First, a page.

Rice University logo Bioengineering, George R. Brown School of Engineering
 
Top blue bar image Bioengineering
 

Caleb J. Bashor

Caleb Bashor web smallAssistant Professor, Bioengineering

Postdoctoral Research Fellow, Institute for Medical and Engineering Science, MIT (2011-2017)
Ph.D., University of California, San Francisco (2003-2010)
B.A., Biochemistry, Reed College, Portland Oregon (1999)

Bio Sketch

Caleb Bashor uses approaches in synthetic biology to understand how complex behavior emerges from the properties of components that comprise cellular regulatory networks. His research focus is on engineering synthetic regulatory programs capable of reshaping cellular phenotype, with an eye on developing transformational cell-based therapeutics from engineered human cells.

The Bashor lab utilizes diverse eukaryotic cell types (mammalian immune and stem cells) to learn how to reprogram the complex regulatory circuitry involved in cellular sense and response. His approach uses theory and modelling to guide circuit design, and incorporates DNA assembly, microfluidics, and next-generation sequencing to build and characterize circuit libraries in high-throughput.

As a postdoctoral research fellow in the laboratory of Professor James Collins at MIT’s IMES, Bashor established foundational strategies for the comprehensive, bottom-up construction of synthetic regulatory systems in eukaryotes, focusing on the synthesis of both transcriptional (gene networks) and post-translational (signaling pathways) circuits. Both of these platforms will be brought to bear on his circuit engineering efforts. 

Areas of interest in the Bashor lab include:

  • Synthetic biology
    Engineering synthetic regulatory circuitry, with a focus on mammalian gene and signal transduction circuits. Foundational techniques for constructing stable circuit expression in diverse mammalian cell types. Building circuits that can sense, compute, and respond to the extracellular environment. Using massively parallel circuit construction to rapidly and comprehensively explore circuit design space.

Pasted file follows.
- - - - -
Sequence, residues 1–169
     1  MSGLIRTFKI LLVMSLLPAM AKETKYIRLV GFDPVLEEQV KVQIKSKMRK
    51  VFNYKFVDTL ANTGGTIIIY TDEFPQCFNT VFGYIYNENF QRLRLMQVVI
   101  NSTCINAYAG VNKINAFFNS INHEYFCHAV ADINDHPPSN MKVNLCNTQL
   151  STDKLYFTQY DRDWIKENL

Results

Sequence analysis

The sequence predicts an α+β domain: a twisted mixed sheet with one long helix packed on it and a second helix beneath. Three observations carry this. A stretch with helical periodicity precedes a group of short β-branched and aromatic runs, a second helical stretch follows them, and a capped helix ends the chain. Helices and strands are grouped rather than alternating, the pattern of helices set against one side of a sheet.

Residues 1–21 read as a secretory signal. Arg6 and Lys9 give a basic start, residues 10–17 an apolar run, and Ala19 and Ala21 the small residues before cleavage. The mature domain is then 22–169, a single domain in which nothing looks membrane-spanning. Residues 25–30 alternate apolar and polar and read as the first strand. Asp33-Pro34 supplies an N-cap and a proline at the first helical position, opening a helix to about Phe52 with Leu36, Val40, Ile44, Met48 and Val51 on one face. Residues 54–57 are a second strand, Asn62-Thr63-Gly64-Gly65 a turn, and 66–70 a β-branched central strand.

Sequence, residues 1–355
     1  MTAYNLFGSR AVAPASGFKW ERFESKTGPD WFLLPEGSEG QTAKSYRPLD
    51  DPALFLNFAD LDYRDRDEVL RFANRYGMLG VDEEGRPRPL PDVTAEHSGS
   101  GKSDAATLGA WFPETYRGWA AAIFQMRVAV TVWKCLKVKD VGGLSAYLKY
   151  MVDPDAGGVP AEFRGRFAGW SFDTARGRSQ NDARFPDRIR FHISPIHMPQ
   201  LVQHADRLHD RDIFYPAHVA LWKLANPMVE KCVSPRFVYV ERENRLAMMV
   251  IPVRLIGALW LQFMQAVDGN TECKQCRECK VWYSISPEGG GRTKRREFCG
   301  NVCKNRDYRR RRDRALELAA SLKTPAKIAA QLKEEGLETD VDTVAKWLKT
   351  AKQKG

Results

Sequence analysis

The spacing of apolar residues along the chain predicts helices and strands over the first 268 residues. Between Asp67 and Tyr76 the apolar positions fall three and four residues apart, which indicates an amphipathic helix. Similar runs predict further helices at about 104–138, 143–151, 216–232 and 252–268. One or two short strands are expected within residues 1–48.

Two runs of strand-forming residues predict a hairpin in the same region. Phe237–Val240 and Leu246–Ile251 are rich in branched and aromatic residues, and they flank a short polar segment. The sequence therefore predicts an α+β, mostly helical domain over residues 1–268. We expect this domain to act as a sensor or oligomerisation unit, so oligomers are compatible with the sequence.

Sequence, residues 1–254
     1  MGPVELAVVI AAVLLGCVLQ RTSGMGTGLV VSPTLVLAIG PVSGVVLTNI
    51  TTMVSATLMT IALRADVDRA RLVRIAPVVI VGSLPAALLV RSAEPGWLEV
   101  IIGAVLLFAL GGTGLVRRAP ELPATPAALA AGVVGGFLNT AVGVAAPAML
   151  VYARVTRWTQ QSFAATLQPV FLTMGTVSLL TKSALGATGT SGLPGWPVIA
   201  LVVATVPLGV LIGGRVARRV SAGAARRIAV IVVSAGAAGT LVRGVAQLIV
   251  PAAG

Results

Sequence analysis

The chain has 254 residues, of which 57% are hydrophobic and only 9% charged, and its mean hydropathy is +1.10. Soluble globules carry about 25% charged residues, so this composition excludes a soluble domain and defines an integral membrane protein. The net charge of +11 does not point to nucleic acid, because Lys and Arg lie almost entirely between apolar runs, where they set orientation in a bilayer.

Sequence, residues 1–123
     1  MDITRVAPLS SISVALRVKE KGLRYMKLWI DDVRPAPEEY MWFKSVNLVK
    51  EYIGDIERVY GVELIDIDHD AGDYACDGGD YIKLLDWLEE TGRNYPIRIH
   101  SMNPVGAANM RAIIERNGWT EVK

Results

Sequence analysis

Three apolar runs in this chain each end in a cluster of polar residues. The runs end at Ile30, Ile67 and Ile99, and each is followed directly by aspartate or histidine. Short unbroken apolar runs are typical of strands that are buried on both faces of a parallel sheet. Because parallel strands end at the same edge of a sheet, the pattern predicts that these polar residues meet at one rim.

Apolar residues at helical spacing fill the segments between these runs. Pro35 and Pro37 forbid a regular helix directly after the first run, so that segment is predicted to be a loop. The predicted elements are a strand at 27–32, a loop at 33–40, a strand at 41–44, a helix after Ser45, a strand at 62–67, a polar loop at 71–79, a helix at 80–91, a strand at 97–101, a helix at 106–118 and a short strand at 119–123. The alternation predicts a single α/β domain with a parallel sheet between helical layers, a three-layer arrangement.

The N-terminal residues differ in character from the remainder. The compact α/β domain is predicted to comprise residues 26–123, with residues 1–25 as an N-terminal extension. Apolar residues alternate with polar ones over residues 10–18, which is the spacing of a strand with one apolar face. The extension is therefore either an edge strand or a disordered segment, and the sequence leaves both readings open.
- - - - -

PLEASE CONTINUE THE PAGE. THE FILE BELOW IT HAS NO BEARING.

• Systems biology
    Understand how biological behavior arises from network structure. Using synthetic rewiring to explore the design logic of signaling networks. Developing new approaches for studying and modeling signaling at the single-cell level using high-throughput perturbation and analysis.
  • Translation
    Harnessing mammalian synthetic biology to create cell-based therapeutics. Engineering synthetic circuitry for delivery to adoptive cells. Using synthetic regulatory programs to guide stem cell reprogramming and differentiation. Using synthetic sense and response circuitry to reprogram immune cell function.

Selected Publications

Bashor’s discoveries at MIT and the University of California, San Francisco have led to 21 peer-reviewed publications. He is an inventor on five pending or awarded patents.

Gordley RM, William RE, Bashor CJ, Toettcher JE, Yan S, Lim WA (2016) Engineering dynamical control of cell fate switching using phspho regulons. PNAS, available online.

Chan CC*, Lee JW*, Cameron DE, Bashor CJ, Collins JJ (2015) ‘Deadman’ and ‘Passcode’ microbial kill switches for bacterial containment. Nature Chemical Biology, 12: 82-6

Keung AJ, Bashor CJ, Kirikov, S, Collins JJ, Khalil AS (2014) Using targeted chromatin regulators to engineer combinatorial and spatial transcriptional regulation. Cell, 158: 110-120

Cameron DE*, Bashor CJ*, Collins JJ (2014) A brief history of synthetic biology. Nature Reviews Microbiology, 12: 381-90

Khalil AS*, Lu TK*, Bashor CJ*, Ramirez CL, Pyenson NC, Joung JK, Collins JJ (2012) A synthetic biology framework for programming eukaryotic transcription functions. Cell, 150: 647-58

Bashor CJ, Collins JJ (2012) Insulating gene circuits from context by RNA processing. Nature Biotechnology, 30: 1061-2

Bashor CJ, Horowitz AA, Peisajovich SG, Lim WA (2010) Rewiring cells: synthetic biology as a tool to interrogate the organization of living systems. Annual Review of Biophysics, 39: 515-37

Bashor CJ, Helman NC, Yan S, Lim WA (2008) Using engineered scaffolds to reshape MAP kinase pathway signaling dynamics. Science, 319: 515-37